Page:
I’m an absolute beginner. I was reading a chapter on the dative case in this book called German Basic Grammar by Routledge. I think in the following example of a sentence with two dative nouns, dem Jungen is wrong, at least according to the rule the book gives.

Ich helfe dem Jungen mit seinem Mantel. I help the boy with his coat. (Unit 13, P. 72)

I think it should be either dem Junge (singular) or den Jungen (plural). Am I right?

I know this is a very basic question, but I have less than a month exposure to German language, and it is frustrating when you doubt the book teaching you.

  • Sorry, I fail to understand your question. The example sentence is perfectly fine. – Jan Nov 12 '16 at 11:48
  • In which region do they say "dem Junge"? I've never heard it. I only know " dem Jungen". – Iris Nov 14 '16 at 15:28

"den Jungen" (plural)

Correct. "den Jungen" would be plural.

"dem Junge" (singular)

Indeed here in Germany you'll find both speakers saying "dem Junge" and speakers saying "dem Jungen".

However "dem Jungen" seems to be the "official" form used by the majority of speakers while "dem Junge" seems to be an inofficial form only used by a minority.

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  • Official and inofficial? I would call it correct and wrong.... – Iris Nov 14 '16 at 8:16
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    @Iris A BVerfG-Urteil (supreme court verdict) from 1998 decided who is allowed to define what is "correct German" for schools and administration. The verdict can be interpreted in a way that "correct German" is not defined outside schools and administration. With douzends of German dialects existing (some even having a different grammar than Hochdeutsch) I would not call anything "wrong German" which is used by a large group of native speakers. And I think this applies to both "dem Junge" as well as "dem Jungen". – Martin Rosenau Nov 14 '16 at 15:14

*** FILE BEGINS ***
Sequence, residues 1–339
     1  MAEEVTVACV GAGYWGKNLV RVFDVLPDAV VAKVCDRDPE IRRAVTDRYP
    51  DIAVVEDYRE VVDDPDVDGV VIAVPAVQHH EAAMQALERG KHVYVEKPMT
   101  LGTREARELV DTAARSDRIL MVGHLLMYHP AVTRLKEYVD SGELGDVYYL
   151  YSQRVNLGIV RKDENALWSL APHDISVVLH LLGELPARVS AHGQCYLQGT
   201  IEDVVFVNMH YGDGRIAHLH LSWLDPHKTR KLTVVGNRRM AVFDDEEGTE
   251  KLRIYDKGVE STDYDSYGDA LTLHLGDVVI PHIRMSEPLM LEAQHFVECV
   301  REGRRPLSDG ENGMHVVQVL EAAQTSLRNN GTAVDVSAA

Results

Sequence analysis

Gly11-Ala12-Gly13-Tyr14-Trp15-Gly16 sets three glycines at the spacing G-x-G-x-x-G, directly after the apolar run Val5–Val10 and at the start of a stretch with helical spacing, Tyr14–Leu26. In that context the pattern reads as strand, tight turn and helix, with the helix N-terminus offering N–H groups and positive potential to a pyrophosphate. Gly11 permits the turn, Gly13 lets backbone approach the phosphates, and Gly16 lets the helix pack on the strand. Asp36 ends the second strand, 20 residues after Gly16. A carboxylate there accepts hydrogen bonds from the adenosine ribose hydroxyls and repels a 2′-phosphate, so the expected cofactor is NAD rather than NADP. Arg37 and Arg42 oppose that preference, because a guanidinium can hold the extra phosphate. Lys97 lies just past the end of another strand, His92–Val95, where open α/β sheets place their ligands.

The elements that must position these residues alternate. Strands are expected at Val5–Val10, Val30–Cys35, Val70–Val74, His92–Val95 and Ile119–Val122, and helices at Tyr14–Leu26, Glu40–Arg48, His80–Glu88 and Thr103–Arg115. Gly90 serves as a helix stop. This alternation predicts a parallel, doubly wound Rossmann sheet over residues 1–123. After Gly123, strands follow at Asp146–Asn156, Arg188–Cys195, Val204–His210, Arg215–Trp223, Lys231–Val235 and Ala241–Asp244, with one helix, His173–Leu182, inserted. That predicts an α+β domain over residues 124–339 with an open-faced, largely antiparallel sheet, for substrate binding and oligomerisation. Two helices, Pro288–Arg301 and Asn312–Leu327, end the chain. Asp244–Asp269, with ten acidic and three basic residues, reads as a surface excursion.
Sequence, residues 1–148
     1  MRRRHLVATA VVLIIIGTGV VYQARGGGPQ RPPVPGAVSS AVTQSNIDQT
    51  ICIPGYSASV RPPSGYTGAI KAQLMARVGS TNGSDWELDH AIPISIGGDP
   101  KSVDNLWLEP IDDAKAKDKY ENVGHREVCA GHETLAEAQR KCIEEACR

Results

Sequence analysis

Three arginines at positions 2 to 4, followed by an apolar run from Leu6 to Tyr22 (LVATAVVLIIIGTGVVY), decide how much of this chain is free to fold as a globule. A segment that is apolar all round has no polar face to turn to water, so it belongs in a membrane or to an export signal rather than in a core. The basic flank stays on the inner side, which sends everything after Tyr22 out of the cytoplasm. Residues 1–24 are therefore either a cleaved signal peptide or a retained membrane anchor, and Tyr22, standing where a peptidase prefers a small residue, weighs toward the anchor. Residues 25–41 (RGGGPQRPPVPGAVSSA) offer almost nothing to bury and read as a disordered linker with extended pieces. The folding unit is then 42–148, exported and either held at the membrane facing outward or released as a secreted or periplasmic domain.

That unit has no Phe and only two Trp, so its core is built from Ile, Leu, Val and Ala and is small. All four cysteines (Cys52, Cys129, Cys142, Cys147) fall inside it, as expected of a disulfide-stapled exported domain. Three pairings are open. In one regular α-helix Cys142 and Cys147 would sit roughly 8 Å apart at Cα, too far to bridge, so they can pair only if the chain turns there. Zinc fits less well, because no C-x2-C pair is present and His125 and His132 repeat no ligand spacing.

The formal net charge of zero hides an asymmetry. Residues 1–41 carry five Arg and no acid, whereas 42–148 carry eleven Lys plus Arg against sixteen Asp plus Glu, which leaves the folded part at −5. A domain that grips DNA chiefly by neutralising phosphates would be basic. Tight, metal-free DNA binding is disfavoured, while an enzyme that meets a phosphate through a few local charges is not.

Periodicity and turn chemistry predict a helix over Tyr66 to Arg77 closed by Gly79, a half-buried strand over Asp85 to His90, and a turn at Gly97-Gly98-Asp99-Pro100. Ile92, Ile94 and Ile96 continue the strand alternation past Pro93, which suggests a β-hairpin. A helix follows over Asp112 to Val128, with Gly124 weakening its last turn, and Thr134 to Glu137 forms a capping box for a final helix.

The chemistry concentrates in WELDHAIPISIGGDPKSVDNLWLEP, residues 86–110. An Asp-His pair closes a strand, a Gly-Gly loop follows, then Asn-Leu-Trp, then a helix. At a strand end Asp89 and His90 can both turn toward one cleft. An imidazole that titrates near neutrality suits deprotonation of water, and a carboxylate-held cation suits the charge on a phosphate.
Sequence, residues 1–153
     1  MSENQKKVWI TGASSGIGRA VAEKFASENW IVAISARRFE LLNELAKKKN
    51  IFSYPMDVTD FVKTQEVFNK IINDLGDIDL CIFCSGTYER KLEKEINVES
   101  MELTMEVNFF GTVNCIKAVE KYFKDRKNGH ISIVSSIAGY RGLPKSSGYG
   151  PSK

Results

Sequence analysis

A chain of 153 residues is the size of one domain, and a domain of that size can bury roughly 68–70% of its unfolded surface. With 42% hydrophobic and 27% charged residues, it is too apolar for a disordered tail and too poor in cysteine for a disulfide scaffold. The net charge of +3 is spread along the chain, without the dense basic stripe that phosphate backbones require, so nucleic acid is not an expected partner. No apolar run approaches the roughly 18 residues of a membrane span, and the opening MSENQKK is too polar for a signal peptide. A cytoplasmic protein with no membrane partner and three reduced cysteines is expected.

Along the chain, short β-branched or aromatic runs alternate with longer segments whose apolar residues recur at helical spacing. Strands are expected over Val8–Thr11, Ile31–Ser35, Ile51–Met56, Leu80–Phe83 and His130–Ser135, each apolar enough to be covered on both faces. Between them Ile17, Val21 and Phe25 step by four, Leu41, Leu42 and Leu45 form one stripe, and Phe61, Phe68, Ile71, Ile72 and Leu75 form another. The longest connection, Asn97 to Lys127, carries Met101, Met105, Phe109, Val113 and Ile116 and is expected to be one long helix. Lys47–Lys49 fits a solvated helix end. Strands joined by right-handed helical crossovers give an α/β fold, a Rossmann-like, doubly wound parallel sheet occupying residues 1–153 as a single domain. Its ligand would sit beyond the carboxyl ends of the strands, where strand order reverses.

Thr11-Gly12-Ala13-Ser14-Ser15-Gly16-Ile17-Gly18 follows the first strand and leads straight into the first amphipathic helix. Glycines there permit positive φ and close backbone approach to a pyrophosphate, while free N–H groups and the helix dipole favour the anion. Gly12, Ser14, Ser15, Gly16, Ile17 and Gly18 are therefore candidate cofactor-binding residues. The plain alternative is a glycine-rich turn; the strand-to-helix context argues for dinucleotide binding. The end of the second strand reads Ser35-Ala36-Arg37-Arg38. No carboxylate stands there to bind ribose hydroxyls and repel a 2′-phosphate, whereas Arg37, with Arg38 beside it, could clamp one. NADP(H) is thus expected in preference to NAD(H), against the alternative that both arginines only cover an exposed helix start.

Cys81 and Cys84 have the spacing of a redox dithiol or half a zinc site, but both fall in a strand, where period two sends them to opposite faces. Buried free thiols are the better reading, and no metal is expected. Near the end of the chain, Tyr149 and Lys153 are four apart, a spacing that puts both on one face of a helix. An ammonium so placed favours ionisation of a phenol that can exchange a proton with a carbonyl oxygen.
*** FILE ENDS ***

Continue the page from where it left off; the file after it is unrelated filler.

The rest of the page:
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    but in a essay in school it would be marked as a mistake, right? – Iris Nov 14 '16 at 15:27
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    In school I would definitely use "dem Jungen". However I don't know if "dem Junge" would be marked as mistake. At least here in BaWü (southern Germany) there are some words which are not "official" but not allowed (!) to be marked as mistake either. (I know from my time in school 20 years ago.) – Martin Rosenau Nov 14 '16 at 15:41
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    @Iris Yesterday I met a person who teaches German at school. That person told me that "dem Junge" currently would be marked as mistake in schools so you'll have to use "dem Jungen" in school. – Martin Rosenau Nov 16 '16 at 5:58

There are singular, masculine nouns which take the suffix -n or -en in the dative as well as the accusative case.They are called "Weak nouns".

Hast du ihm schon einen Namen gegeben?

which means "Have you given it a name already?"

Most masculine singular nouns that end with -e are subject to this declension, and most of these happen to be of Latin origin: (for example: Kollege).

This will help you: http://germanforenglishspeakers.com/nouns/weak-nouns-the-n-declension/

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